Managing waste wisely

Going behind the scenes at Good Sammy

The Comms & Ed team sorting bags of donations

For many of us, gathering our used clothes, shoes and children’s toys into a couple of bin bags and dropping them off at an op-shop (possibly after a few weeks touring Perth in the back of the car – just me?) is something we do without thinking. We know we have some incredible op-shops here in WA that help provide employment to people with disability while also giving our pre-loved items a second life. But what actually happens to a bag of goods after it lands in an op-shop donation bin? The WMRC Comms & Ed team had a day out at the Good Sammy facility in Canning Vale to find out.

Our first impression as we toured the warehouse was one of amazement – the sheer volume of donated textiles, toys, books, shoes, jewellery and homewares working their way through the facility at any one time was astounding. If you’ve ever dropped off your stuff directly to a Good Sammy store, you might imagine they are simply sorted on-site and put up for sale. That’s part of the story, but in reality there’s a lot more to it.

A warehouse full of crates of toys and piles of clothing donations
Crates of toys and piles of clothing donations ready to be sorted at the Good Sammy warehouse

After arriving at the facility, donations travel around the warehouse on a long, long conveyor belt, where employees sort them into categories and grade them according to whether they can be sold online, in a Good Sammy store, or in their outlet store at Canning Vale, or – failing that – exported for ragging or taken to landfill. Surprisingly, a whopping 27% of items donated to Good Sammy simply aren’t of saleable quality and must be sent to landfill, at a significant cost to the organisation.

After taking a tour and meeting some of the Good Sammy’s warehouse employees (around 50% of whom have disability), we got to work sorting and grading the stock for resale.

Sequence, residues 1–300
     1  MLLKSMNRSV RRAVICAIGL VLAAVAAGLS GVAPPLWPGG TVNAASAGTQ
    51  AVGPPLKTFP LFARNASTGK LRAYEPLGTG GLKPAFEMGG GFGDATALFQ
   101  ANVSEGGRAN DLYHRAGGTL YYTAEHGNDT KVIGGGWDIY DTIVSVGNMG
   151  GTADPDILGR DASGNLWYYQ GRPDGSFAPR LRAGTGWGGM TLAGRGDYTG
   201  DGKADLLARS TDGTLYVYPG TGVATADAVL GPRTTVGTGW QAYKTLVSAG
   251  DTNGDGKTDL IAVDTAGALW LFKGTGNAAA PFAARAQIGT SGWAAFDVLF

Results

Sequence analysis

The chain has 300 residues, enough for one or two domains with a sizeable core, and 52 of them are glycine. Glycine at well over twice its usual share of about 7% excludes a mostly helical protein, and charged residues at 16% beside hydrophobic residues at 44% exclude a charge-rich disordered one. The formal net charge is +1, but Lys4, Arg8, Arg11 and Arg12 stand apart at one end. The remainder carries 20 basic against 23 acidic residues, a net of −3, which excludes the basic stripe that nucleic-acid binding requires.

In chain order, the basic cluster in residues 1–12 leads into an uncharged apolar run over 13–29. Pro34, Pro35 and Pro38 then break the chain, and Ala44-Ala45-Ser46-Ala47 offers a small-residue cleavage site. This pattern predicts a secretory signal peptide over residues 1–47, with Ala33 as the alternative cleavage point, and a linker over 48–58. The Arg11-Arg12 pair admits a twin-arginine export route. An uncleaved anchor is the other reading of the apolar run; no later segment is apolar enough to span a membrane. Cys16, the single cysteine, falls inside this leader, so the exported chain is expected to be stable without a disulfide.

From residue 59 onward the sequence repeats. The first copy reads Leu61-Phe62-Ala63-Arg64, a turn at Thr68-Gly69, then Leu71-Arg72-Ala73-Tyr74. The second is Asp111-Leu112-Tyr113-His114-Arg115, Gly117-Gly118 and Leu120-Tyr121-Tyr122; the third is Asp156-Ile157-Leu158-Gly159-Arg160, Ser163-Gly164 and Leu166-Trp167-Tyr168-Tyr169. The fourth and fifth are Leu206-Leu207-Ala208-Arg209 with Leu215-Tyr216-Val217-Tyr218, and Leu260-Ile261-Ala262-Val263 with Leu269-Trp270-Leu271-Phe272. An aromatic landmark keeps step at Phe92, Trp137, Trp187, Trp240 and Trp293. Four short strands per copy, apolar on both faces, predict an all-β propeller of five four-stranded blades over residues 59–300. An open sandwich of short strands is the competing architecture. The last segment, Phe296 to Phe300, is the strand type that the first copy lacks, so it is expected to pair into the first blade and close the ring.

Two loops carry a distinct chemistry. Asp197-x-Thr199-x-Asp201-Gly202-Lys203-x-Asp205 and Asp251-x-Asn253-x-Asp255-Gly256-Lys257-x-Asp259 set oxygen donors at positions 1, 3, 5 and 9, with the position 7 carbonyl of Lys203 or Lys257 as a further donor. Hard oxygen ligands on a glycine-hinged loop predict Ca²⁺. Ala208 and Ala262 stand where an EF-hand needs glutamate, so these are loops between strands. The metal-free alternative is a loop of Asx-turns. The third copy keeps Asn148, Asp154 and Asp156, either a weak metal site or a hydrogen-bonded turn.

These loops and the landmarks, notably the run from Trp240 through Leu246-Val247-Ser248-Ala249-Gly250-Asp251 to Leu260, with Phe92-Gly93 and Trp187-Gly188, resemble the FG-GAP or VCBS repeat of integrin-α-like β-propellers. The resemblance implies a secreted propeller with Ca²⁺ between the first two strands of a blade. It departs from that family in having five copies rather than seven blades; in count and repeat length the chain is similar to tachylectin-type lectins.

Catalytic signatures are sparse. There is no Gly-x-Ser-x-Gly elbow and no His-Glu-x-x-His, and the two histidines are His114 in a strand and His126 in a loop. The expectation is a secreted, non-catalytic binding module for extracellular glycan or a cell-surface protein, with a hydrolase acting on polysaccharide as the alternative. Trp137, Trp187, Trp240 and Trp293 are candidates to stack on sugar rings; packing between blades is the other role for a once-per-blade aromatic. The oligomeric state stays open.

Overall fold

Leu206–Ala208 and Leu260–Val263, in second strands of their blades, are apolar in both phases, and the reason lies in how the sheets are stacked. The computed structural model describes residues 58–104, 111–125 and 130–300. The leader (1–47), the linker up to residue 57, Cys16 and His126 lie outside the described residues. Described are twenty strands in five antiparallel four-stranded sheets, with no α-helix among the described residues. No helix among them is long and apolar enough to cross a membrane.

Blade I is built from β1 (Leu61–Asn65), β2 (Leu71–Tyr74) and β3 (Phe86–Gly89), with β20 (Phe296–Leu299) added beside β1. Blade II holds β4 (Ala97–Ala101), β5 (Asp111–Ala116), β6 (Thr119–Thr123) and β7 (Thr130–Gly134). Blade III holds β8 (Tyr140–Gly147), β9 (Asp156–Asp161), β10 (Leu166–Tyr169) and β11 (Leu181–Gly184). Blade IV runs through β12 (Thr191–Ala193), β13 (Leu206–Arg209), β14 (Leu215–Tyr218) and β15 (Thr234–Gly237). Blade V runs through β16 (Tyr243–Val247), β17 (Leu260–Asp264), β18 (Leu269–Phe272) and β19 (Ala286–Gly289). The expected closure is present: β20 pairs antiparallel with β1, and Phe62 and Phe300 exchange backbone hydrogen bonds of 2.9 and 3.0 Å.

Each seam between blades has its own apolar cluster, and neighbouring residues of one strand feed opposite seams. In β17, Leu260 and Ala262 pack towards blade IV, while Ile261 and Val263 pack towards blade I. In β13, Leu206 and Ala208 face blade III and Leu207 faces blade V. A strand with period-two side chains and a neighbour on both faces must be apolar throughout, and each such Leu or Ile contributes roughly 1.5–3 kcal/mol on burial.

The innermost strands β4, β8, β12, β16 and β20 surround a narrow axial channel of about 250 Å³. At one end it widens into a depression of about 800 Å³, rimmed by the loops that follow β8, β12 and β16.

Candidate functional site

Sorting bags of goods and jewellery
Sorting bags of goods and jewellery

It was an eye-opening experience to see the quality and volume of donations first hand. We all had to make some tough calls around what should be kept and what had to be thrown away.

Things we learnt (or, how to be a great gifter):

  1. Good Sammy currently doesn’t have the capacity to wash or repair donated items – if an item isn’t immediately useable it’s not a great donation. Stained, ripped or damaged garments may get exported for ragging but could also be sent to landfill.
  2. Low quality items don’t have a whole lot of potential for reuse either, as it’s hard for an op-shop to re-sell a t-shirt that was only $5 to begin with.
  3. Every item donated to Good Sammy is sorted by hand – so please don’t make the staff deal with your saggy old underwear!
  4. If you’ve wound up with some old library books in your possession (we won’t ask how), these can’t be re-sold as they’re technically library property. Books with names, phone numbers and inscriptions written in them are also harder to sell and will probably end up in their cheaper outlet store.

It’s easy to think that you can pop anything in a donation bin and the op-shop will solve the problem for you, but really, it’s not that simple. Putting your broken or damaged items in a donation bin only creates a headache for op-shop staff (before the items end up in landfill anyway). Repair and wash items before dropping them off so they’re good to go, and if you wouldn’t give it to a mate, don’t donate!

A huge thank you to Good Sammy for inviting us along on their Waste Ed Day Out, and of course for the valuable work they do to reduce waste by giving pre-loved items a second life. Despite the challenges, Good Sammy still manages to recycle a phenomenal 6 million kilos of used goods each year, which is something worth celebrating.

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